November 17, 1953 - Serta Associates, Inc., registered "Serta" trademark first used August 10, 1938 (mattresses). 

Edith Heath - Heath Ceramics  (

(American Furniture Warehouse), Jake Jabs (2000). An American Tiger: An Autobiography. (Denver, CO: J. Jabs, 181 p.). Jabs, Jake; Businessmen--United States--Biography; Businessmen--North Carolina--Biography; House furnishings industry and trade--North Carolina.

(American Olean Tile Company), Frederic Bell (1973). Notes on a 50-Year Revolution: A Profile on the Company Whose Innovations Brought Ceramic Tile into the 20th Century. (Lansdale, PA: American Olean Tile Co., 109 p.). American Olean Tile Company--History.

(Bigelow-Sanford), John S. Ewing and Nancy P. Norton (1955). Broadlooms and Businessmen; a History of the Bigelow-Sanford Carpet Company. (Cambridge, MA: Harvard University Press, 439 p.). Bigelow-Sanford Carpet Company.

(W. R. Case & Sons Cutlery Company), Brad Lockwood (2005). The Case Cutlery Dynasty: Tested XX. (Paducah, KY: Collector Books, 320 p.). Case family--History; W.R. Case & Sons Cutlery Company--History; Cutlery trade--United States--History; Knifesmiths--United States--History.

(W. R. Case & Sons Cutlery Company), Shirley Boser and John Sullivan; foreword by John R. Osborne, Jr. (2006). W.R. Case & Sons Cutlery Company. (Charleston, SC: Arcadia, 128 p.). Case Archivist, Historian; Director of Marketing; Great-Great-Grandson of Company’s Namesake. W.R. Case & Sons Cutlery Company--History; W.R. Case & Sons Cutlery Company--Pictorial works; Cutlery trade--United States--History; Cutlery trade--United States--Pictorial works. 1905 - John Russell "Russ" Case brought fledgling W. R. Case & Sons Company to Bradford, dominated knife industry for next century; most collected knives in world.

(Charles Early & Marriott (Witney) Ltd.), Alfred Plummer. Richard E. Early (1969). The Blanket Makers, 1669-1969; A History of Charles Early & Marriott (Witney) Ltd. (London, UK: Routledge & Kegan Paul, 205 p.). Charles Early & Marriott (Witney) Ltd.

(Gillow & Co.), Susan E. Stuart (2008). Gillows of Lancaster and London 1730-1840: Cabinetmakers and International Merchants: A Furniture and Business History. (Woodbridge, UK, Antique Collectors' Club, Ltd., 800 p.). Founder Member of the Regional Furniture Study Group, Hon. Research Fellow at the Centre of North-west Regional Studies (Lancaster University). Gillow & Co.; furniture making--United Kingdom--history. Definitive monograph on Gillows furniture and furniture designs.

(Gold Seal Company), Larry Woiwode (2000). Aristocrat of the West: The Story of Harold Schafer. (Fargo, ND: Institute for Regional Studies, North Dakota State University, 390 p.). Schafer, Harold Lyle, 1912- ; Gold Seal Company--History; Businessmen--North Dakota--Biography; Philanthropists--North Dakota--Biography.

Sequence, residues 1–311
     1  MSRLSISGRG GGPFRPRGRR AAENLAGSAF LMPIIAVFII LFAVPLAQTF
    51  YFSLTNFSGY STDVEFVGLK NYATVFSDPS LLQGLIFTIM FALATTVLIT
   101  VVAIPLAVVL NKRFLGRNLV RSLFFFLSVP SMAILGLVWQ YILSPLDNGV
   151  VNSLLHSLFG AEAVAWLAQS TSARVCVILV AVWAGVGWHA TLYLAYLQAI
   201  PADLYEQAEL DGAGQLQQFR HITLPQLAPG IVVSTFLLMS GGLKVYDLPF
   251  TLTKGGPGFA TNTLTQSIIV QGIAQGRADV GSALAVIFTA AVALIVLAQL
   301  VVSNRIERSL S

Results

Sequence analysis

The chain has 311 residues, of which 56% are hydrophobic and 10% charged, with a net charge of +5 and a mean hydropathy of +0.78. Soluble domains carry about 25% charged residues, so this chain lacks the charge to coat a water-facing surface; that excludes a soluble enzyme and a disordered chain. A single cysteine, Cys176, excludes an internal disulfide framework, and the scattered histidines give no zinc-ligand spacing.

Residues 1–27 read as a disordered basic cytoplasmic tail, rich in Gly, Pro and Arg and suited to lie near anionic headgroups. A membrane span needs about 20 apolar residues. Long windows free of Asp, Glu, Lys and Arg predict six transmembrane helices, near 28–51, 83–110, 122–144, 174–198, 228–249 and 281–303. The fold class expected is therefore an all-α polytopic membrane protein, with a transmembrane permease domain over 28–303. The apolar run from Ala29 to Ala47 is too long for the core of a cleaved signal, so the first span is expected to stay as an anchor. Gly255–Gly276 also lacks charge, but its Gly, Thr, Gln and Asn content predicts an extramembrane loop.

(Heath Ceramics), Amos Klausner; introduction, Catherine Bailey & Robin Petravic; contributions, Yves Behar ... [et al.] (2006). Heath Ceramics: The Complexity of Simplicity. (San Francisco, CA: Chronicle Books, 189 p.). Director of the San Francisco Chapter of the AIGA. Heath, Edith, 1911-2005; Heath Ceramics; Ceramic tableware --California --Sausalito --History --20th century. Signature tableware, tiles still made according to artisanal tradition conceived by Edith Heath in mid-1940s in Sausalito, CA; one of few remaining mid-century American potteries; history, legacy, craft, woman who created them.

(Henredon Furniture Industries), Michael K. Dugan (2009). The Furniture Wars: How America Lost a 50 Billion Dollar Industry. (Seattle, WA: BookSurge Publishing, 468 p.). Former Chairman and Chief Executive Officer of Henredon Furniture Industries, Inc., Chair of the Business School at Lenoir-Rhyne University. Furniture industry and trade -- United States -- history. Impact of globalization on American furniture business - from making 'world class' products to shutting down plants in 5 years; tens of thousands of jobs, billions of dollars at stake; 50 years of furniture industry; why industry lost to foreign competition.

(IKEA), Bertil Torekull (1999). Leading by Design: The IKEA Story. (New York, NY: HarperBusiness, 244 p.). Swedish journalist. IKEA Group.

Ingvar Kamprad - IKEA  (

(IKEA), Elen Lewis (2005). Great Ikea!: A Brand for All the People. (London, UK: Cyan Communications, 192 p.). IKEA Group; Ingvar Kamprad; brand name products. History of company, its success; aspects of branding techniques; how, why achieved loyal fan base.

(Ikea), Johan Stenebo (2010). The Truth about Ikea: The Secret Behind the World's Fifth Richest Man and the Success of the Flatpack Giant. (London, UK: Gibson Square, 256 p.). IKEA Director for two decades. Ikea (Firm); Furniture industry and trade -- Sweden. World's largest flatpack furniture retailer with 700 million visitors/year; Kamprad's inspirational leadership (company built in his image from provincial store in Sweden); Kamprad's Nazi links, IKEA's low wage bill, exceptional profits, complex Stasi-like business culture with spies, resourceful ways of using media, companies to cover environmental issues.